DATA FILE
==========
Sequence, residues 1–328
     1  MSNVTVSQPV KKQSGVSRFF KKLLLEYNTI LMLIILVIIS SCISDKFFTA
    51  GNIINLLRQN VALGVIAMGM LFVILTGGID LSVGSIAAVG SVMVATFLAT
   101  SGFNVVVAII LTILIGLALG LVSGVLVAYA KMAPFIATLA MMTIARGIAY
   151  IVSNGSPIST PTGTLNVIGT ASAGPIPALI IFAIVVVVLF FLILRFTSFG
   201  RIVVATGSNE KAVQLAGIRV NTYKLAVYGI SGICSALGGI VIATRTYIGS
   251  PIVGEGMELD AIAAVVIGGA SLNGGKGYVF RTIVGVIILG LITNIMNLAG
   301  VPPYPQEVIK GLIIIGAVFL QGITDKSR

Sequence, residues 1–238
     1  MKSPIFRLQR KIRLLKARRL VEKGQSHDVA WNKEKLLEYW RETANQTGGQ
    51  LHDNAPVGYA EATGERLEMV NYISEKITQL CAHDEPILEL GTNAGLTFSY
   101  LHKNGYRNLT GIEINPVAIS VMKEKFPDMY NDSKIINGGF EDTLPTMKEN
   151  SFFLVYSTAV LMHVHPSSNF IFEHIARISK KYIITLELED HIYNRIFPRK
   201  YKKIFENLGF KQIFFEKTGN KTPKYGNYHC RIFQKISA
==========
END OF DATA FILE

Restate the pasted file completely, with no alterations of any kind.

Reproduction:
Sequence, residues 1–328
     1  MSNVTVSQPV KKQSGVSRFF KKLLLEYNTI LMLIILVIIS SCISDKFFTA
    51  GNIINLLRQN VALGVIAMGM LFVILTGGID LSVGSIAAVG SVMVATFLAT
   101  SGFNVVVAII LTILIGLALG LVSGVLVAYA KMAPFIATLA MMTIARGIAY
   151  IVSNGSPIST PTGTLNVIGT ASAGPIPALI IFAIVVVVLF FLILRFTSFG
   201  RIVVATGSNE KAVQLAGIRV NTYKLAVYGI SGICSALGGI VIATRTYIGS
   251  PIVGEGMELD AIAAVVIGGA SLNGGKGYVF RTIVGVIILG LITNIMNLAG
   301  VPPYPQEVIK GLIIIGAVFL QGITDKSR

Sequence, residues 1–238
     1  MKSPIFRLQR KIRLLKARRL VEKGQSHDVA WNKEKLLEYW RETANQTGGQ
    51  LHDNAPVGYA EATGERLEMV NYISEKITQL CAHDEPILEL GTNAGLTFSY
   101  LHKNGYRNLT GIEINPVAIS VMKEKFPDMY NDSKIINGGF EDTLPTMKEN
   151  SFFLVYSTAV LMHVHPSSNF IFEHIARISK KYIITLELED HIYNRIFPRK
   201  YKKIFENLGF KQIFFEKTGN KTPKYGNYHC RIFQKISA